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Saudi Minister Adel al-Jubeir: 'Appeasing Iran' Fuels Tehran's 'Aggressive Behavior'

© AFP 2023 / MOHAMED EL-SHAHEDSaudi Foreign Minister Adel al-Jubeir attends the Arab Foreign Ministers extraordinary meeting to discuss the Syrian crisis in Cairo, on December 19, 2016
Saudi Foreign Minister Adel al-Jubeir attends the Arab Foreign Ministers extraordinary meeting to discuss the Syrian crisis in Cairo, on December 19, 2016 - Sputnik International
Riyadh claimed that the projectiles that earlier in September struck two key Saudi Aramco oil production facilities in Abqaiq and Khurais were produced in Iran and were fired from the direction of Iranian territory.

"The Iranian history of the past 40 years has been one of aggression especially against my country [...] Appeasing Iran has only fueled Iran's aggressive behavior", Saudi Minister of State for Foreign Affairs Adel al-Jubeir told Fox News.

As a result of the 14 September attacks, Saudi Arabia suspended production of an reported 5.7 million barrels of crude oil per day, over half of its total daily output, according to Riyadh statements.

Although Yemen's Houthi movement acknowledged responsibility for the attacks, the United States put the blame on Iran, as have France, Germany, and the United Kingdom. Iran denies all claims of involvement in the devastating attacks on its oil production infrastructure.

"We have been calling for a global effort to contain Iran's aggressive behavior [...] Iran has to decide if it's a revolution or a nation-state. If it's a nation-state, it must abide by the rules of international law, the sovereignty of nations, and respect the principle of non-interference in the affairs of other countries", Adel al-Jubeir claimed, cited by Fox News.

Iranian President Hassan Rouhani, in his latest address to the United Nations General Assembly, fired back at the accusations.

'The security of Saudi Arabia shall be guaranteed with the termination of aggression to Yemen rather than by inviting foreigners [...] We are ready to spend our national strength and regional credibility and international authority", Rouhani said, pointing to an ongoing war in Yemen, the Middle East's poorest nation.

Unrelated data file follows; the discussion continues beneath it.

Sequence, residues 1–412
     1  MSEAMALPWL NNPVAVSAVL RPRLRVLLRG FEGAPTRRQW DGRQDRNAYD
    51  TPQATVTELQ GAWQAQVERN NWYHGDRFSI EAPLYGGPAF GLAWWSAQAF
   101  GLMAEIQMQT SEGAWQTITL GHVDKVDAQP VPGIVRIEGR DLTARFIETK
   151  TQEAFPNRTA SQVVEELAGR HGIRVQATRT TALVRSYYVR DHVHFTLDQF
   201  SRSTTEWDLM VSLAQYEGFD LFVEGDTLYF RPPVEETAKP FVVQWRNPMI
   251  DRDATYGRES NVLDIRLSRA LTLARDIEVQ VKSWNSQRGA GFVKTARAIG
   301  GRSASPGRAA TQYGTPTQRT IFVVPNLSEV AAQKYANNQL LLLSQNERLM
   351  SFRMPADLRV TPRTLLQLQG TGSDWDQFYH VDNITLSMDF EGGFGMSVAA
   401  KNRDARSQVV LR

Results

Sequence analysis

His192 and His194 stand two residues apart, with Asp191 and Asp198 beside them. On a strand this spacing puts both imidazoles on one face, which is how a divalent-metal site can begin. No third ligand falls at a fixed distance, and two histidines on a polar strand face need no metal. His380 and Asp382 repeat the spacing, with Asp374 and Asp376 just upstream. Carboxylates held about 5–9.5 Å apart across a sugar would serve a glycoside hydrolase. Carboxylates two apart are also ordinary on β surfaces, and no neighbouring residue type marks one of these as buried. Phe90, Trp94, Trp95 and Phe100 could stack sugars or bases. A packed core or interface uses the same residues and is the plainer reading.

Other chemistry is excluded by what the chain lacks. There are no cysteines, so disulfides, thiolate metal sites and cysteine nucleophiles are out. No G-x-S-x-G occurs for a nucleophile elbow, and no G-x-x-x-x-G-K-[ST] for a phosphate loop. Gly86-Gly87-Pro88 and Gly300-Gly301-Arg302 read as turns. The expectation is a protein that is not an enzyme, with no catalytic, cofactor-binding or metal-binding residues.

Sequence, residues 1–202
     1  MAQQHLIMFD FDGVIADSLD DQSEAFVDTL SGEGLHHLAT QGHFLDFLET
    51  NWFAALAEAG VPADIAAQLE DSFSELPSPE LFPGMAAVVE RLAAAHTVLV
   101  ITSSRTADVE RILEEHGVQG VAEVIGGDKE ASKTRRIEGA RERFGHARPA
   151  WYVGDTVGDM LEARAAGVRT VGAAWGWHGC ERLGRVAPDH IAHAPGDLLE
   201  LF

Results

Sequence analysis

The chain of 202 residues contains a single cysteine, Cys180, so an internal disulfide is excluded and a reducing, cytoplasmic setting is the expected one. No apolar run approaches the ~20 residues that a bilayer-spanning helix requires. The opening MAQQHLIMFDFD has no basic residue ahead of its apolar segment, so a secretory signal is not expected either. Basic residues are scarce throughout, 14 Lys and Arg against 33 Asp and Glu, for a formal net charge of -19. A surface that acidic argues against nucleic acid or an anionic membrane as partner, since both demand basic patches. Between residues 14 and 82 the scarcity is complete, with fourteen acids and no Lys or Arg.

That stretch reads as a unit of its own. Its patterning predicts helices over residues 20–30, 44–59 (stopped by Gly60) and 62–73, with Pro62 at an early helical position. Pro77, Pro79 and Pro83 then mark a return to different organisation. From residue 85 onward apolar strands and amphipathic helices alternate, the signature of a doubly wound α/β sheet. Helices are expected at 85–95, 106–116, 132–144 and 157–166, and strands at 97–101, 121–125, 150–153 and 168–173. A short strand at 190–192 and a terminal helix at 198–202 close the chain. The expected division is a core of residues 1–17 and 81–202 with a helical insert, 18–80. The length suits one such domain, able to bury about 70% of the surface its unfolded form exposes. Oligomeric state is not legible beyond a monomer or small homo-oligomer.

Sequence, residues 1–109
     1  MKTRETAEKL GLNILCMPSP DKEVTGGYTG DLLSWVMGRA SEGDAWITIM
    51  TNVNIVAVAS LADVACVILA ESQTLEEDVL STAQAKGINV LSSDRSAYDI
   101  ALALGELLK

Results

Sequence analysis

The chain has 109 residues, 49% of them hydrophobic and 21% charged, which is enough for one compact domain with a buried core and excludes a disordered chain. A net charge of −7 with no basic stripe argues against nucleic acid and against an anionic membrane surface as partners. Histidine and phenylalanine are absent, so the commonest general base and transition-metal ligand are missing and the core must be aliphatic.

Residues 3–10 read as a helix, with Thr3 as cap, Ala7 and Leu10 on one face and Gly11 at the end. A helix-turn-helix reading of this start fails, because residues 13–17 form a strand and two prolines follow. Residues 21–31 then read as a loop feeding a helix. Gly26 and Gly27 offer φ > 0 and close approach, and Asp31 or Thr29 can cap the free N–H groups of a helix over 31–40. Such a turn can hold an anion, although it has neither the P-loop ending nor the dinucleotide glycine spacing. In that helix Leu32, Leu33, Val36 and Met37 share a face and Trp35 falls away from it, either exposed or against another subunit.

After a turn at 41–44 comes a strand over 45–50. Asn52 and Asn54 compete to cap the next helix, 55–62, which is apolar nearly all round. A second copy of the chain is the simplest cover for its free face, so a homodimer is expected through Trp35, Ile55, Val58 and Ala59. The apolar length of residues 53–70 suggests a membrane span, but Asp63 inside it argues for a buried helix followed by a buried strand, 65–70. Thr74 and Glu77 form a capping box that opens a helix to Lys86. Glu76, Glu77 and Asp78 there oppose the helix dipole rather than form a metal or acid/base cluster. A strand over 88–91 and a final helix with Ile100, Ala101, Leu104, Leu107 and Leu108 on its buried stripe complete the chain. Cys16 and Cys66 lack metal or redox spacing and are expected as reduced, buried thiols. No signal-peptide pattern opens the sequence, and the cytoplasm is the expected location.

In a separate statement, broadcast by Iranian television on Friday, Rouhani slammed accusations as a "plot" by Riyadh and Washington.

"This plot, staged by the United States, Saudi Arabia and a range of other countries, has faded significantly after the explanations", Rouhani said, noting that he was still waiting for proof of Iran's direct involvement.

The Saudi Aramco attacks came amid increased tension in the Middle East and in the Gulf region primarily due to the unilateral withdrawal by the Trump administration in 2018 from the Joint Comprehensive Plan of Action (JCPOA), also known as Iran nuclear deal, which envisaged the dismantling of Tehran's nuclear weapons program in exchange for sanctions relief for the Islamic republic.

Saudi Aramco's oil facilities were attacked just days after reports that Trump floated the idea of lifting sanctions against Iran during a discussion with former National Security Adviser John Bolton. Bolton reportedly strongly opposed Trump's offer. Trump subsequently fired Bolton, noting that the two had "strong" disagreements, particularly over US foreign policy toward Tehran.

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